Asia's fixed income tide turning: Franklin Templeton
Fixed income’s emerging market tide is reversing. Institutional investors seeking superior fixed income returns are more likely to find them in corporate credit, including issues from financial institutions, from Europe and the US than in Asia, suggests John Beck, portfolio manager of global fixed income at Franklin Templeton. “Some global banks have been unduly beaten up, and there should be a clearer delineation between stronger and weaker banks,” Beck says.
“Major UK-based banks, for example, are discussing the possibility of partially paying senior executives’ bonuses with coco (convertible contingent) bonds, which means the banks are strengthening their capital buffer. Investors can get yields of 6% to 7% for five- to 10-year euro-denominated credit currently,” he explains.
In Asia, yields are generally lower. Local-currency 10-year government bonds in South Korea yielded 4.81% as of February 9, according to the Asian Development Bank. Indonesian government bonds of the same tenor yielded 8.762% but had already surged 115.6 basis points since the beginning of 2011. According to Markit’s US-dollar-denominated emerging market debt index containing 37 markets, Chinese bonds were yielding 1.62% at the end of December 2010.
Credit default swaps, which indicate investors’ perception of default risk, remain high in major Asian markets, relative to pre-crisis levels. At the end of January 2008, it cost 29 basis points to insure China’s five-year senior bonds, compared with 75 bp in late January, according to Asian Development Bank data. In North America, the cost of insurance in late January 2008 was 331 bp and in Europe, 472 bp. In late September 2010, CDS prices had declined to 234 bp and 356 bp respectively.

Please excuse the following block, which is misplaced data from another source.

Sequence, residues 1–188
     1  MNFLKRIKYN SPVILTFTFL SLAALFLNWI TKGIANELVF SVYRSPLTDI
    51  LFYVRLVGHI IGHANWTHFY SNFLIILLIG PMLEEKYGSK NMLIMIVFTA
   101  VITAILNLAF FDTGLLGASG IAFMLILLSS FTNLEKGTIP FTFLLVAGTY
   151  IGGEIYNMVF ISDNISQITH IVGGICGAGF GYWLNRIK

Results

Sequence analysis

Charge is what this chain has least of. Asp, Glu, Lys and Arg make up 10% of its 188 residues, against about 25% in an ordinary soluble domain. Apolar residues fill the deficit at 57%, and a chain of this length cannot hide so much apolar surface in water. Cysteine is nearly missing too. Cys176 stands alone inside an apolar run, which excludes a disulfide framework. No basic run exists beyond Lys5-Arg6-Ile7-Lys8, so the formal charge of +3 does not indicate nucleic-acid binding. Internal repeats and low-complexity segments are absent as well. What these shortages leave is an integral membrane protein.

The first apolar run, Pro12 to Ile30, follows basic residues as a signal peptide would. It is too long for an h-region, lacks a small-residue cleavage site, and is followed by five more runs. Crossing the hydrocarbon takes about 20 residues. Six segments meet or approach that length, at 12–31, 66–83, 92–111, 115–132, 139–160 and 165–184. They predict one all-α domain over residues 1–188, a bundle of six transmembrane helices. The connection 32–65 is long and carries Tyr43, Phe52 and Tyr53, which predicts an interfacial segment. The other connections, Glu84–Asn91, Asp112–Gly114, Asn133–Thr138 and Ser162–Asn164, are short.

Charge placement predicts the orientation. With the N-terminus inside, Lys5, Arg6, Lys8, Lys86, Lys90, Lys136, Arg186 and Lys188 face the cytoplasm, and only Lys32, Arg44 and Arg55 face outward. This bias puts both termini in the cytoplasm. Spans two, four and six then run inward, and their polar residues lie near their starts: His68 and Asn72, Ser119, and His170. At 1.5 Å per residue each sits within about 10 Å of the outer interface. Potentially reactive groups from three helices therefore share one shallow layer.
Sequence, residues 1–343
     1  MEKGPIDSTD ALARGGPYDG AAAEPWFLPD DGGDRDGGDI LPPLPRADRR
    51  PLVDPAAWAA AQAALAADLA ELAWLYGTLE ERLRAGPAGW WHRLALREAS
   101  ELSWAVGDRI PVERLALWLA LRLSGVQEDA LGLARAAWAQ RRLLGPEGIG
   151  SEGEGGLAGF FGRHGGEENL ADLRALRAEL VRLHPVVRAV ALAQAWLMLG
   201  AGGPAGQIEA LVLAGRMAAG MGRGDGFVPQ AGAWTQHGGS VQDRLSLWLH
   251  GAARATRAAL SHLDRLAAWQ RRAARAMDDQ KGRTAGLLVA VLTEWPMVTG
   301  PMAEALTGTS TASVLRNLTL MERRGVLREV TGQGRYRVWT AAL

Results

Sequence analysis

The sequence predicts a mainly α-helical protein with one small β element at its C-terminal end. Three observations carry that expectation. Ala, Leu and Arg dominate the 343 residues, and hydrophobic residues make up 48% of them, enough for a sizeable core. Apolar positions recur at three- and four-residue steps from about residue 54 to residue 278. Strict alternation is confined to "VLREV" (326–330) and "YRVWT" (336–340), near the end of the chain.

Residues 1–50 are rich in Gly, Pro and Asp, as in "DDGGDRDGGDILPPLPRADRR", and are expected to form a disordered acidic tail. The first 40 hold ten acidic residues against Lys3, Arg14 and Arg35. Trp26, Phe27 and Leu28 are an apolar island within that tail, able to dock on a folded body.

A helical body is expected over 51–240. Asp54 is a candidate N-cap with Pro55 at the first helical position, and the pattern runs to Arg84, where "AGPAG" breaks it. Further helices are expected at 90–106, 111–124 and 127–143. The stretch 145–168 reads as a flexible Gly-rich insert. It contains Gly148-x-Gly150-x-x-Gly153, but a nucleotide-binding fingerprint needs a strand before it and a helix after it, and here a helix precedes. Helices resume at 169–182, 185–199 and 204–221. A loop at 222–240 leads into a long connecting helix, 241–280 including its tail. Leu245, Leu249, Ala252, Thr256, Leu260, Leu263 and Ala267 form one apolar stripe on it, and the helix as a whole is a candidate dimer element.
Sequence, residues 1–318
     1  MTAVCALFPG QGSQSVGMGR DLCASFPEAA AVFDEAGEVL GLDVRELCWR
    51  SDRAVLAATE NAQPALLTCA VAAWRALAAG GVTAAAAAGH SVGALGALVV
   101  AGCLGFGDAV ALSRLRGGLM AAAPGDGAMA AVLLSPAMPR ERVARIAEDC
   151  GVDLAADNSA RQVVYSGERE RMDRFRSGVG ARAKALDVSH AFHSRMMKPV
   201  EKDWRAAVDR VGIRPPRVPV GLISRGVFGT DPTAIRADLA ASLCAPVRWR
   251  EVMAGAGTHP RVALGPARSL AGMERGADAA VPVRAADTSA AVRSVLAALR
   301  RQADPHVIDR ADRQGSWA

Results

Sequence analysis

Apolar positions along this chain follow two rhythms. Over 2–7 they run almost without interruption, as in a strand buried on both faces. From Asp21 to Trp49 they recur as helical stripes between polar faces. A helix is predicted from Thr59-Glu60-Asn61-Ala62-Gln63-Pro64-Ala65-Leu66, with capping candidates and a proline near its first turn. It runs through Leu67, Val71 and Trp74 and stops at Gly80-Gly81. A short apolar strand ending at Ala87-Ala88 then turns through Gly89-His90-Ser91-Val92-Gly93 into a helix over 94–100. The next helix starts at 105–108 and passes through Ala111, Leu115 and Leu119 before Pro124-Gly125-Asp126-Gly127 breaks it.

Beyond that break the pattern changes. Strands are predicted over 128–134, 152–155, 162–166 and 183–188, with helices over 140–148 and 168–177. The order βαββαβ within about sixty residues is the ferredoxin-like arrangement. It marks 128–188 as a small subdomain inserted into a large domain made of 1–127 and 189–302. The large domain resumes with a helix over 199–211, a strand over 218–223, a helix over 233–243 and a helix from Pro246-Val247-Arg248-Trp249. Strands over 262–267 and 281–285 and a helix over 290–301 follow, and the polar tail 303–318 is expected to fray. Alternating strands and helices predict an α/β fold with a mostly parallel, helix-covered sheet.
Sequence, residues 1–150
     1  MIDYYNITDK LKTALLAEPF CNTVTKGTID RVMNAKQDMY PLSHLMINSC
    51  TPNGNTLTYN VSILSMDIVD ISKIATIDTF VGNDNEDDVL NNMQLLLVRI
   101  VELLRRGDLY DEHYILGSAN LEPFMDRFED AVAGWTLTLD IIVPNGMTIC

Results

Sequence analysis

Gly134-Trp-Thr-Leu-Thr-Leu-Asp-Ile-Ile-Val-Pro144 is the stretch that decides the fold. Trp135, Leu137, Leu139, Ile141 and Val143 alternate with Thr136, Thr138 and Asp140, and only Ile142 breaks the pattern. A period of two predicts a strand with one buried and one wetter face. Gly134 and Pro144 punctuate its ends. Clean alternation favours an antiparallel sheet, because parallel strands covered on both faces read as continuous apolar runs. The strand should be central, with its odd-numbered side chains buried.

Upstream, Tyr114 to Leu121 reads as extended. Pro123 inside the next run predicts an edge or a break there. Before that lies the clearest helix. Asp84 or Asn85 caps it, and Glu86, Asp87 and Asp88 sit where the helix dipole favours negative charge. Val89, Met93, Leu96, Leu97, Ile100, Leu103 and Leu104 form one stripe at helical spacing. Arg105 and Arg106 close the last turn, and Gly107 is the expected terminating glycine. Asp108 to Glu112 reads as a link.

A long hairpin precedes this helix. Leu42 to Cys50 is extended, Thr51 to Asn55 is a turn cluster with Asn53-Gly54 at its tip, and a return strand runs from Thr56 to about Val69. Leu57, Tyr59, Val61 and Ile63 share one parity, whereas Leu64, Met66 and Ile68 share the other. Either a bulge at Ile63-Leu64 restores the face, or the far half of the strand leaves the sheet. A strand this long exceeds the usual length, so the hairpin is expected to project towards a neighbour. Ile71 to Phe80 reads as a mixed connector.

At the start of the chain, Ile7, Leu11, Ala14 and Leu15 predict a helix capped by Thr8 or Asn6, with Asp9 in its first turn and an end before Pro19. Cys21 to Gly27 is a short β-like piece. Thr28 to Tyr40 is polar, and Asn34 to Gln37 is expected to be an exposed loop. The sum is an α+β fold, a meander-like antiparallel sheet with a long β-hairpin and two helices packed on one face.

Moreover, Asia and other emerging markets’ capital, currency and interest rate controls are shrinking opportunities in what are tiny fixed income markets in the first place. South Korea, one of Asia’s largest issuer of government and corporate bonds, introduced a 14% tax on interest income in January to limit capital flows, for instance.
Indeed, Asian bonds aren’t a panacea for institutions seeking to diversify portfolios traditionally dominated by US Treasuries or domestic government bonds. Guy Stear, head of Asia Pacific research at Societe Generale Corporate and Investment Banking, expects Asian credit markets to remain volatile this year: “It was really the Greek crisis, and not anything Asia specific, which drove the Asia ex-Japan contracts above 170 basis points in the second quarter of last year. Our economists think that the crisis is going to get worse before it gets better and we think this could lead spreads on the index to test at least the 140 bp area sometime in the first quarter of the year.”
But not all emerging markets are alike. Beck of Franklin Templeton thinks institutional investors with long horizons can find fixed income assets with relatively low risk outside of the front-page emerging markets such as Brazil and China. ”
Sovereign ratings are a good benchmark, but the country’s economic health and debt sustainability need to be analysed further. For instance, both Finland and Germany are AAA-rated but Finland has much lower debt. Chile is A-rated and the US is AAA-rated. But Chile, for example, may arguably have better credit quality than the US if you examine its economic fundamentals,” he says.
Government net debt in Chile is estimated to be minus 9.7% of GDP in 2011 and minus 9.3% of GDP in 2015, according to the International Monetary Fund, which is at similar levels as China. On the other hand, the US’ government net debt is expected to be 72.7% of GDP in 2011 and 84.7% in 2015.
Yet, Chile’s US-dollar-denominated sovereign yield was 3.36%, compared with China’s 1.62% as of end December 2010, according to Markit’s emerging market bond index. Ten-year US Treasury yield curve rates were 3.3% and the five-year Treasury yielded 2%.